You are here

Burden of disproving disputable presumption of work-relatedness of a seafarer’s illness

Burden of disproving disputable presumption of work-relatedness of a seafarer’s illness
Dennis Gorecho June 23, 2022

The burden to disprove the work-relatedness of an illness is on the employer and not on the seafarer-claimant.

The Supreme Court discussed in the case of Luisito Reyes v. Jebsens Maritime (GR 230502 February 15, 2022) the concept of disputable presumptions in relation to seafarer’s claims for disability benefits.

Halfway through his contract, the seafarer was medically repatriated to the Philippines due to back pain, which he allegedly suffered due to an accident on board the vessel.

He was diagnosed to have suffered “compression fracture L1 secondary to osteoporosis.”

After physical therapy sessions 108 days from repatriation, the company doctor issued a medical certificate declaring him fit to work, and the medical condition as not work related since his illness was degenerative in nature.

The National Labor Relations Commission (NLRC) denied the disability benefits because the seafarer failed to substantially show the causal connection between his work and his illness. The NLRC ruled that awards of compensation cannot rest on bare allegations, speculations or presumptions.

However, the Supreme Court, in affirming the decision of the Court of Appeals, noted that compensability of an illness or injury does not depend on whether the injury or disease was pre-existing at the time of employment but rather on whether the injury or illness is work­ related or had been aggravated by the seafarer’s working condition.

Under the POEA standard employment contract, work-related illness is defined as any sickness as a result of an occupational disease listed under Sec. 32-A of the contract with the conditions set therein; while work-related injury is an injury arising out of and in the course of employment.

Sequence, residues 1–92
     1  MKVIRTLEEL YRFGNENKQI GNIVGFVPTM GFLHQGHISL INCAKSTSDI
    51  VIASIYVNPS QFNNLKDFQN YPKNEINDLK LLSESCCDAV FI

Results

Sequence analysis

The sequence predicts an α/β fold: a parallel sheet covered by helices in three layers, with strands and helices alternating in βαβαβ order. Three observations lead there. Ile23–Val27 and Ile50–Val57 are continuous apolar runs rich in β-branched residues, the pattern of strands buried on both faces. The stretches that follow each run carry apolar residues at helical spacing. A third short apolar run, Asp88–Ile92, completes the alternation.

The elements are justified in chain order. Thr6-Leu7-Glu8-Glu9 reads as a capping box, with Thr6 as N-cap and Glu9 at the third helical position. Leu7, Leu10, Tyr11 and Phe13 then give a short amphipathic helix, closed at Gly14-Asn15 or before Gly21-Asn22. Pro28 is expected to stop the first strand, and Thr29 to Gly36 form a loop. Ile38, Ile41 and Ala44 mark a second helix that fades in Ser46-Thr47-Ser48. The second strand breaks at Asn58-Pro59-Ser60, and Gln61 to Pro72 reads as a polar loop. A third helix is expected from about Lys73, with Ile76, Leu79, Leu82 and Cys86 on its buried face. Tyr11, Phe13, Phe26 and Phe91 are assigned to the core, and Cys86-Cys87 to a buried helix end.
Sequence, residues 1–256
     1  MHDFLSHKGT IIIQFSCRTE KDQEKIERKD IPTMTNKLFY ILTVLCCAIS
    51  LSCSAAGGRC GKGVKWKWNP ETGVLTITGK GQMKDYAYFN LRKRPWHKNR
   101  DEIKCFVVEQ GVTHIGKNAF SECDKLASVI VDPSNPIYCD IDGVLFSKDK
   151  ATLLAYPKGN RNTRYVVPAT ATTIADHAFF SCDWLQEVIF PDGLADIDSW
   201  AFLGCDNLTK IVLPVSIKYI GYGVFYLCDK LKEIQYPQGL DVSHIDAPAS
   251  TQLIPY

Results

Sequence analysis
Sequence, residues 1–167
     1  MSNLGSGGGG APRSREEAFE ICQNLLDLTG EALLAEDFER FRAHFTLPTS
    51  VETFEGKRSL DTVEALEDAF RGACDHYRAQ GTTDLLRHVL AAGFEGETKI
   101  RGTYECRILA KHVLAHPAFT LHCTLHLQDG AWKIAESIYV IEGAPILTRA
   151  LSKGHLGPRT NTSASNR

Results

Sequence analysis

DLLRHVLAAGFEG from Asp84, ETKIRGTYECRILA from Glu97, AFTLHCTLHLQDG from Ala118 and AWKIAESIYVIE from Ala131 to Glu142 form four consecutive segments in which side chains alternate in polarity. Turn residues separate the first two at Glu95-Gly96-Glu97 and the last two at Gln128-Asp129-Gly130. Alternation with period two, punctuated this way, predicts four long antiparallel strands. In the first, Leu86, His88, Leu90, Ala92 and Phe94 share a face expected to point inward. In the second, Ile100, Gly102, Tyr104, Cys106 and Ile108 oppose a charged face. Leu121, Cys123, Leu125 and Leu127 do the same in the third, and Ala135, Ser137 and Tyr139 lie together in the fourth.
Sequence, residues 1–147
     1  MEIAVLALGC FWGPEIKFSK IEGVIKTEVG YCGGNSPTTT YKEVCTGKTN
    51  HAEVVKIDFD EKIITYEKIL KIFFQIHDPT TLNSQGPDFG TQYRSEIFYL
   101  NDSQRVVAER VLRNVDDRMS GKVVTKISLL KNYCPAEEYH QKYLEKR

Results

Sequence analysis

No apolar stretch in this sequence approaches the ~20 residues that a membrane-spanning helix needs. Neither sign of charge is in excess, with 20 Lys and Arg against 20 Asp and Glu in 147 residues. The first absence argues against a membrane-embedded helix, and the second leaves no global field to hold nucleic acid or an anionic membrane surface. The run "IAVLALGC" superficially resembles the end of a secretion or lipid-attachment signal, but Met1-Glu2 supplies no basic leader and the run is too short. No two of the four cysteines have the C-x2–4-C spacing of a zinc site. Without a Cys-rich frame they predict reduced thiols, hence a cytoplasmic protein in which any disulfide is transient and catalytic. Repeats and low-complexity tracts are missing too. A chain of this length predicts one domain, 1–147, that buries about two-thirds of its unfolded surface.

Section 20, par. A(4) categorically provides that those illnesses not listed in Sec. 32 of the contract are disputably presumed as work-related.

The law clearly laid down a legal presumption of work-related illness or injury in favor of seafarers.

This legal presumption was borne by the fact that the said list cannot account for all known and unknown illnesses/diseases that may be associated with, caused or aggravated by such working conditions.

The presumption is made in the law to signify that the non-inclusion in the list of occupational diseases does not translate to an absolute exclusion from disability benefits.

Thus, the burden is on the employer to disprove the work-relatedness, failing which, the disputable presumption that a particular injuryor illness that results in disability is work-related stands.

The Supreme Court pointed out that the labor tribunals erroneously placed the burden of disproving the legal presumption on the seafarer.

The Court stressed that records show that employers failed to dispute the presumption of work-relatedness of seafarer’s injury.

The examinations and procedures the seafarer underwent, as well as the diagnosis, showed a causal connection between his illness or injury and the nature of the work for which he had been contracted.

The disputable presumption that injury or illness that results in disability, or in some cases death, is work-related stands in the absence of contrary evidence.

Compensability pertains to the entitlement to receive compensation and benefits upon showing that work conditions caused or at least increased the risk of the injury or illness.

The seafarer’s work included, among others: the assisting in cargo handling and operations; handling of the vessel, in docking, anchoring, piloting en route, in close quarters and open sea conditions; assisting in mooring and unmooring of the vessel in port and at off-shore locations; and the testing of equipment.

The nature and demand of his work as a seafarer, which the court found to have been physically demanding, aggravated his medical condition resulting in a fracture to his lumbar spine.

The reasonable connection between the nature of his work and the medical condition while on board were substantially proven.

The burden to overcome the presumption is now shifted to the employers.

The medical report did not make any categorical statement as to the absence of work-relatedness of the injury sustained by the seafarer.

Jurisprudence further states that although the employer is not the insurer of the health of his employees, he takes them as he finds them and assumes the risk of liability.